11/12/2009 12:00AM

Aqueduct roundup

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WHO'S HOT

Chad Brown

Though he won't turn 31 until the inner track opens next month, Chad Brown, the former assistant to Bobby Frankel, is winning at well over 20 percent this year and won with four of his first five starters at Aqueduct's fall meet, including all three of his starters on grass. Among those, the highlight was Expansion ($27.60), who went last to first in the Grade 2 Red Smith while making his first start for the trainer and first in a stakes race.

Tony Dutrow

Tony Dutrow was tied atop the standings with Brown after the first fortnight, and all four of his winners were favored, including Bon Marie and Solar Flare on the Nov. 4 program.

Bon Marie, an 8-year-old gelding, won his fourth straight turf route. Solar Flare, a 5-year-old formerly trained by Larry Jones, returned from a four-month absence to win the Half High overnight stakes with a 101 Beyer Speed Figure.

"We're hoping he will take to the inner track," Dutrow said.

Angel Serpa

Sure, Ramon Dominguez posted another five-win day last week and was comfortably in front with a 16-for-51 record heading into Week 3. But his 31.3 percent win rate was only second best, because seven-pound apprentice Angel Serpa guided home three winners from his first nine mounts - at an average mutuel of $20.70 that was highest among the top 12 riders and nearly four times the average price of a Dominguez winner. Serpa's wins included a double aboard Decorated Court ($21.40) and King Bo Bo ($28.80) on Nov. 5.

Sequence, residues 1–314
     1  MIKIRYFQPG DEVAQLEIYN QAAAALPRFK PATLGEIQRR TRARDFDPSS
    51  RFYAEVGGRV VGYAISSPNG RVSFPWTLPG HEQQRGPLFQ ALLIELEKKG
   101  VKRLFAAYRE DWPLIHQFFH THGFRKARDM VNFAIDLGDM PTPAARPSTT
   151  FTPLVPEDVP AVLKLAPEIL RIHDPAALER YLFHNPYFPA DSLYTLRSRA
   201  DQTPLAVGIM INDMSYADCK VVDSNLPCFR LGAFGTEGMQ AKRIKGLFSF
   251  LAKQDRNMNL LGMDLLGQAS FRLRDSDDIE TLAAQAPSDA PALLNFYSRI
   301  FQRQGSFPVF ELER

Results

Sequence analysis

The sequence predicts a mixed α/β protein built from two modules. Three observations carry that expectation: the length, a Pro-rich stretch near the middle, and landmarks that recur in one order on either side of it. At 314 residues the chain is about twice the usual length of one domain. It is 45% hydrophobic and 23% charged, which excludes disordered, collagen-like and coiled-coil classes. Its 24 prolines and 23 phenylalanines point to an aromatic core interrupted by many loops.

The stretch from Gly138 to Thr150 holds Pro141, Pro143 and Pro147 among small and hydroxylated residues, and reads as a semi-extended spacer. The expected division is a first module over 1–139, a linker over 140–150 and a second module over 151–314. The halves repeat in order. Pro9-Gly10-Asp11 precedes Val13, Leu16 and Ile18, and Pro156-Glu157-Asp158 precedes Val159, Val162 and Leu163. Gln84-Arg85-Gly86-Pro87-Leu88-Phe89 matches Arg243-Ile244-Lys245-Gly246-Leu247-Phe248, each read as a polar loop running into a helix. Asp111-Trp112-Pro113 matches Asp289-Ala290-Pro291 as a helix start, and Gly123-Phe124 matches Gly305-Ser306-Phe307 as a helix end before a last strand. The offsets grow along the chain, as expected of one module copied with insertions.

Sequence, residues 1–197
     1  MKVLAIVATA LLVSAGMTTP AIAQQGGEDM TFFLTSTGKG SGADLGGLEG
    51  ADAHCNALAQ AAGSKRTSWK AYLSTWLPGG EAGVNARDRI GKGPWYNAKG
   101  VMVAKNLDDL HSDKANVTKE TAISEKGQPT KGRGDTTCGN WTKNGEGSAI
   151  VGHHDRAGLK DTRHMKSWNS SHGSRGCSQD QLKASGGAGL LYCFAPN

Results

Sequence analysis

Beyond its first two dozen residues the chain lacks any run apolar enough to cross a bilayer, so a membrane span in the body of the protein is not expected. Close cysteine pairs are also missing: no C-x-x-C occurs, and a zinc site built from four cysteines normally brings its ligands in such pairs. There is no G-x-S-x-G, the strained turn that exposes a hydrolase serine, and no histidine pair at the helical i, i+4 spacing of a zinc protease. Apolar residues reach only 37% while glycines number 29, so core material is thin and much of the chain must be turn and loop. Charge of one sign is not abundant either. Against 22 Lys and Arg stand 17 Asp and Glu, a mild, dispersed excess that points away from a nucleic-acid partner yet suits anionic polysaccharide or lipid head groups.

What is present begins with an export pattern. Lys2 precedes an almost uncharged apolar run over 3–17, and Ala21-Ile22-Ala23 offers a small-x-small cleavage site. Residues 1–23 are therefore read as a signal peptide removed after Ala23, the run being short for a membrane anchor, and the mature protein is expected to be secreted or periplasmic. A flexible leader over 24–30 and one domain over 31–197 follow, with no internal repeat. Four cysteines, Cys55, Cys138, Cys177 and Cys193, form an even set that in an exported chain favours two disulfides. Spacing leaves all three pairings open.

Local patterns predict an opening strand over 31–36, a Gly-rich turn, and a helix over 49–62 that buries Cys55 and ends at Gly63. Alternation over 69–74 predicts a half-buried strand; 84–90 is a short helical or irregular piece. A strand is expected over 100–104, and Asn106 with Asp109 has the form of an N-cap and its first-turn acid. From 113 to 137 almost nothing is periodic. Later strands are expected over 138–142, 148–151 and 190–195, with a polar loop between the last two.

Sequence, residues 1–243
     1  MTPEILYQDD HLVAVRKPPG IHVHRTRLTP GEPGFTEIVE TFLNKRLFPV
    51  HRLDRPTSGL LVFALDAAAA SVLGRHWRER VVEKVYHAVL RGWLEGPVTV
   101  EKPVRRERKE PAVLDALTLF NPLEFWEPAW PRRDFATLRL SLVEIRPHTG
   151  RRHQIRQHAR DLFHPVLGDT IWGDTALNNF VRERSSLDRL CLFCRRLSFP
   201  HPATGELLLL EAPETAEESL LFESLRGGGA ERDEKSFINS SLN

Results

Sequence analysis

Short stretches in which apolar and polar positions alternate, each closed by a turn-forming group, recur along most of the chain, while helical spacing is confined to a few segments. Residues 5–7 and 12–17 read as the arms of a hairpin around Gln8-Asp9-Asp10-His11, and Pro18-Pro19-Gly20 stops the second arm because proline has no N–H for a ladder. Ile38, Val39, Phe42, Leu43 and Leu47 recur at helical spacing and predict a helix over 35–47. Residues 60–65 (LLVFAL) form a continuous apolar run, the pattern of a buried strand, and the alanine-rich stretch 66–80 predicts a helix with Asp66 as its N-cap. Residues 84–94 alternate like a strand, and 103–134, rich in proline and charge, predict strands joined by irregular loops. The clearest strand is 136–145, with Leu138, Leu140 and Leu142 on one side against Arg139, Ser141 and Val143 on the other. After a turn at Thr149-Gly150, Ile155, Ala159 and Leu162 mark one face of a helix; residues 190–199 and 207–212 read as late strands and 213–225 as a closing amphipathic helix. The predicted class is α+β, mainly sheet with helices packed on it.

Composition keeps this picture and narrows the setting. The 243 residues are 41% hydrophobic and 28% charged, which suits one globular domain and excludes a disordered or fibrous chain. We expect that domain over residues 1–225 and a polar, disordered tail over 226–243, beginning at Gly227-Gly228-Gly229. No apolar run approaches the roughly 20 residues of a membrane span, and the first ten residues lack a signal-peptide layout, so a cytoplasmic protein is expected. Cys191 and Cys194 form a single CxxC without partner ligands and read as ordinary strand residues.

TRACK TRENDS

Through two weeks, the most noteworthy trend has been on the turf course, where, because of its hairpin turns, one might intuitively think speed horses have an advantage.

In actuality, it has been just the opposite. From the first 22 races, only two winners were able to lead all the way, and both - Marquet Cat and Elena's Princess - were favorites. Criticism, the next-closest thing to a wire-to-wire winner, was second at the first call before taking over to win the Long Island for the second straight year at odds of 1-2.

Otherwise, it has been off-the-pace types on the grass: 16 of the 22 winners were fifth or farther back in the early stages. The key is saving at least some ground on the turns with an "inside-out" kind of trip.

The main track has been relatively bias-free for the most part, though horses racing in outside paths appeared to have the edge over a sloppy and slow surface opening day (Oct. 28), and closers seemed to fare especially well on the Nov. 5 card, including both of the aforementioned Serpa-guided winners and Ask Ommadon ($11.80), who rallied from next-to-last. Also worth noting that later on the card, Fiddlers Patriot couldn't hold a clear early lead and faded to fourth at 7-5.

After some overnight rain, the main track was particularly slow for the Nov. 1 program.

UPCOMING EVENTS

This weekend, approximately $80,000 is up for grabs (based on 200 entrants) in the Aqueduct Handicapping Challenge, a two-day event where the top three finishers will earn spots in the 2010 Daily Racing Form/NTRA National Handicapping Championship in Las Vegas on Jan. 29-30. The top three fly and stay courtesy of the New York Racing Association.

Saturday's feature is the Grade 3, $100,000 Stuyvesant, and since we didn't run enough restricted stakes in New York with the Showcase Day races on closing weekend at Belmont, six more New York Stallion Series events are on tap for Sunday.